In the past couple of months, the attack on academic freedom at K-12 and post-secondary levels have reached new heights. From the fight to remove books affiliated with the history of the United States of America to the “great resignation” being affiliated with teacher shortages directly affecting the sustainability of education. There is a direct assault on education from all areas of social and political streams. For example, some of the significant challenges being faced are critical race theory (CRT) education, academic tenure, educator resources, and the hindering of legislative impediments to the educational curriculum. Below are some of the recent headlines featuring these issues:
Earlier this year, a gay music teacher in Iowa was pressured into resigning from a private school after being outed1. As a queer nonbinary Iowan and a preservice teacher, I am continually reckoning with my place in education. My education has and continues to be engulfed in heteronormativity. Elementary school through college, I have heard about Mrs. Y’s husband. I had Ms. Z as a permanent substitute twice because Mrs. X was having a baby. Mr. W often placed an open call for babysitters because he and his wife were having a date night. The narrative of a happily married husband and wife with children was and is so common it erases other ways of being. Indeed, I was shocked to discover during high school that my Kindergarten teacher was gay. He is one of two LGBTQ+ teachers I have had. I distinctly remember the relief of knowing that queer elementary teachers exist. If Mr. Knoer could be gay in 2006, I can be queer and trans in 2022.
Chris Richards/University of Arizona
A University of Arizona College of Education program that provides mentorship and educational resources to Arizona’s Indigenous communities will extend its reach thanks to a $1.2 million grant from the Arizona Department of Education.
The Native Student Outreach, Access and Resiliency program, better known as Native SOAR, emphasizes Indigenous teaching and knowledge. Over the course of 10 weeks, the program allows UArizona students from any major to spend about three to four hours a week mentoring middle and high students across Arizona and teaching them about attending college, cultural resiliency, leadership skills and identity exploration.
In the summer of 1969 — 53 years ago this June — the infamous Stonewall Riots took place in New York City, launching the modern LGBTQ+ movement for equity and freedom. For this reason, June has become synonymous with PRIDE celebrations across the nation. Rainbows color many storefronts and major retailers launch their PRIDE-related marketing blitzes. I, for one, love the proliferation of the rainbow across our neighborhoods, retail districts, and campuses. Afterall, visibility matters. As a gay man who came out during his senior year of high school 30 years ago and who worked hard to advance an agenda of openness and support for LGBTQ+-identified individuals, first as a high school teacher and later college professor, I look back on these decades with pride as we acknowledge where we were so many years ago. And yet, PRIDE takes on a new meaning this year, as schools increasingly become the battleground in the fight against LGBTQ+-equity and in particular trans lives.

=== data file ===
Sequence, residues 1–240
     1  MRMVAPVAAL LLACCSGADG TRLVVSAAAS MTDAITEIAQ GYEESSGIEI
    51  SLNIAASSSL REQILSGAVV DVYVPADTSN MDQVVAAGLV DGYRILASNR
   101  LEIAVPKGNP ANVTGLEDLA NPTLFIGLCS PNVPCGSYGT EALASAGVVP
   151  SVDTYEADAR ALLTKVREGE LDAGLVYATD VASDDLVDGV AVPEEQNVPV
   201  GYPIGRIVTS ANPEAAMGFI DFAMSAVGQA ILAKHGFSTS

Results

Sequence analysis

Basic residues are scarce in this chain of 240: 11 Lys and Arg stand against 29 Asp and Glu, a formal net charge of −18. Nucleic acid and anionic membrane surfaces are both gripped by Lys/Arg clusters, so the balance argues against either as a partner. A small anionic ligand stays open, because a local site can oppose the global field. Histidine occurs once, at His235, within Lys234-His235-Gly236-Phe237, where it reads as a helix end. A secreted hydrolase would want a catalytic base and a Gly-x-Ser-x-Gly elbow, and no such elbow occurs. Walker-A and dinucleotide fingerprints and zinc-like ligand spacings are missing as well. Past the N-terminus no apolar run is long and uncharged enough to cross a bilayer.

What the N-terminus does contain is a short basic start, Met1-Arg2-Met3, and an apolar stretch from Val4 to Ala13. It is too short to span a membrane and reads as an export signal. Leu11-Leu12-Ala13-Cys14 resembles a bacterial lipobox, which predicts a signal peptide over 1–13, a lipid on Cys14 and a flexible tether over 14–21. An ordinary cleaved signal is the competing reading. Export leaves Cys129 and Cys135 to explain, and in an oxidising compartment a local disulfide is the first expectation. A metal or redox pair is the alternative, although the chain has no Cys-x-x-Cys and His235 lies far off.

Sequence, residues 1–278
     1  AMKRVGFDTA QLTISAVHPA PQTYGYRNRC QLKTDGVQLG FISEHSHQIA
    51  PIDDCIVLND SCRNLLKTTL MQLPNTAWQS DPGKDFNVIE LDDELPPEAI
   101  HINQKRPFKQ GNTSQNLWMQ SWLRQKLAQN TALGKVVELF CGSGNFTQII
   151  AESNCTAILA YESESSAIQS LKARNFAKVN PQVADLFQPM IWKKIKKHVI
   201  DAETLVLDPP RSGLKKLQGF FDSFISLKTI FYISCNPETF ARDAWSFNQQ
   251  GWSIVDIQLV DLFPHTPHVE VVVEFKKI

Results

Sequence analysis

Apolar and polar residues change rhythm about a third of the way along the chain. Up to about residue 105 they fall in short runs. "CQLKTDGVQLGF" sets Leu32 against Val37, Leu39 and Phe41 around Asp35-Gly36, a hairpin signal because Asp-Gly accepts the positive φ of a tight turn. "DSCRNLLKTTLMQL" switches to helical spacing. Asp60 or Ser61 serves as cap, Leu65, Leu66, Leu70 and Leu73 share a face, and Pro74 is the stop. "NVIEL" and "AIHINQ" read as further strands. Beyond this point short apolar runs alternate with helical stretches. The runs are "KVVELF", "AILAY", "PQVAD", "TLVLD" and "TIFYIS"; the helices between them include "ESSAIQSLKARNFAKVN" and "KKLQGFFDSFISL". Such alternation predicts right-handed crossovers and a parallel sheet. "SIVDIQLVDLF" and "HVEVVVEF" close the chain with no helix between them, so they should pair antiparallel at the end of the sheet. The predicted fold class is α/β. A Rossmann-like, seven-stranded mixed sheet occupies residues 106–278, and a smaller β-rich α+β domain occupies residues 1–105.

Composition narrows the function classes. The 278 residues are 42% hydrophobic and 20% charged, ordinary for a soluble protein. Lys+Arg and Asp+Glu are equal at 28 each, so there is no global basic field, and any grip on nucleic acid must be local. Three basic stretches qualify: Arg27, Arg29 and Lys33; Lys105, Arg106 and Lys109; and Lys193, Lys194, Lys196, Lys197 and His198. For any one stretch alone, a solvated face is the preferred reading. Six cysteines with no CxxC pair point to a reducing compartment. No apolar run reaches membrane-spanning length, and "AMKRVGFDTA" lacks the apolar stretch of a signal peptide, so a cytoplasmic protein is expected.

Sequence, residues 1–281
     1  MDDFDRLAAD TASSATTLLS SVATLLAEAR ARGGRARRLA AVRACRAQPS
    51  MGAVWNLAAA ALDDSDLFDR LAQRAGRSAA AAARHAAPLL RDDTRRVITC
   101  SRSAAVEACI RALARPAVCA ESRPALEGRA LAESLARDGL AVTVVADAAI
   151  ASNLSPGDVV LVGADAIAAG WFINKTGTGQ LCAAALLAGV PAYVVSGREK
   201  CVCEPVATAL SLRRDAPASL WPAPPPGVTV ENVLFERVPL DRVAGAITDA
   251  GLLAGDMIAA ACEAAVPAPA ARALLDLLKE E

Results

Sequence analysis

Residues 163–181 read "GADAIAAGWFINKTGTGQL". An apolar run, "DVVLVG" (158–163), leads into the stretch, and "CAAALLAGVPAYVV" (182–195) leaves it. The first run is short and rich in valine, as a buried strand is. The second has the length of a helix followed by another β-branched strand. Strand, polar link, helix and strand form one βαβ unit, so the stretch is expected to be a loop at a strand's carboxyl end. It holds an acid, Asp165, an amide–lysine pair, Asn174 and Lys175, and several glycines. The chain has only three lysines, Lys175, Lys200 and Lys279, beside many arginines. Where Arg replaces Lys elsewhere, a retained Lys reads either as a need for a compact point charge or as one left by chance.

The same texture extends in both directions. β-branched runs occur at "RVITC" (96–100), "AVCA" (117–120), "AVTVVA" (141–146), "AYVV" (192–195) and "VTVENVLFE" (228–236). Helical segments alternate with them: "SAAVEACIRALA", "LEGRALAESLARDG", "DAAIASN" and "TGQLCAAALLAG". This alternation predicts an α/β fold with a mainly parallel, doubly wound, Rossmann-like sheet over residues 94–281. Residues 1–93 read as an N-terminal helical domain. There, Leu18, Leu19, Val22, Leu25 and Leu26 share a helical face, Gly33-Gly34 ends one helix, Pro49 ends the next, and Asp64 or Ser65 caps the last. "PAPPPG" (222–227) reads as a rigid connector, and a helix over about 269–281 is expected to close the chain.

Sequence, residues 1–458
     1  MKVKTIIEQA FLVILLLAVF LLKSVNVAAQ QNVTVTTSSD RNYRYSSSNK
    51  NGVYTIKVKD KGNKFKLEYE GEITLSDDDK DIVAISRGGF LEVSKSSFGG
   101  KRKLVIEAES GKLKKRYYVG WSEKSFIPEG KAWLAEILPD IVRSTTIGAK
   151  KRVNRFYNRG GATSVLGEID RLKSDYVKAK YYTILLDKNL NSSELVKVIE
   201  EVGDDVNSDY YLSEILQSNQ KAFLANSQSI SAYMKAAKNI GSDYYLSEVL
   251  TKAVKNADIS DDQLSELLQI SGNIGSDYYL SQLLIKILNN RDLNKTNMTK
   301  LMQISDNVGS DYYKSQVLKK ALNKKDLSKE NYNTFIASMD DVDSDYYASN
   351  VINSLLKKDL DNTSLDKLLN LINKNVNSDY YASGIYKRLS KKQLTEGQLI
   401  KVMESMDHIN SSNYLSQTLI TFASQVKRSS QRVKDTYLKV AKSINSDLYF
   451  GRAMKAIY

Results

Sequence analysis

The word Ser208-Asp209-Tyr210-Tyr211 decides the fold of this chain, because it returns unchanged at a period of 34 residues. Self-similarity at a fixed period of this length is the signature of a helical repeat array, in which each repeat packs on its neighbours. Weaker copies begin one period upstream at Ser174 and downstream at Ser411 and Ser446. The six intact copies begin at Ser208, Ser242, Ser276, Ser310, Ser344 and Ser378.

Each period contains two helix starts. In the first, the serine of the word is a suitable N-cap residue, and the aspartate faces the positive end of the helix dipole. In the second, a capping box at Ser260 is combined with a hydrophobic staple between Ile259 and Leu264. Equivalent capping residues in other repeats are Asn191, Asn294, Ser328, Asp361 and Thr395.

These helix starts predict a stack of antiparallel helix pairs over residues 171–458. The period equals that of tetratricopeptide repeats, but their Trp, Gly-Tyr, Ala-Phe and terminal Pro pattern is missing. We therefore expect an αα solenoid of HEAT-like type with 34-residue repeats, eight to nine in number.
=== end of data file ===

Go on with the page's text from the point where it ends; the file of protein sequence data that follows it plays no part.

What are the stakes in this culture war? What are the possible ramifications of anti-LGBTQ+ legislation and censorship? Most notably, our children are the ones who suffer in these baseless attacks against trans and queer kids. LGBTQ+ students report harassment at rates much higher than their peers (and the highest of all minority populations, GLSEN). LGBTQ+ students in many states report that their school does not feel safe, and that teachers do not feel supportive. According to the Trevor project, LGBTQ+ students report higher rates of depression and anxiety than their peers and rates of suicide in this group are by some estimates 7X higher than other peer groups. Indeed, this is a matter of life and death for our kids.
Sarah L. Murphy teaches children in a two-room schoolhouse in Rockmart, Ga. on June 23, 1950. | AP Photo
This article, by AACTE dean in residence Leslie T. Fenwick, Ph.D., was originally published in Politico and is reprinted with permission.
Today, most Americans think about the segregation-shattering 1954 Brown v. Board of Education decision in one of three ways. We may think about Linda Brown, the plaintiff in Brown, a little girl forced to walk miles to a segregated Black school instead of attending the white school down the block. We may remember the famed Norman Rockwell painting featuring 6-year-old Ruby Bridges escorted by U.S. Marshals past a wall splattered with tomatoes and a racial slur. Or we may recall the tumult of busing in the South — Alabama, Mississippi, and Georgia… and even much further north of the Mason-Dixon Line in South Boston, too.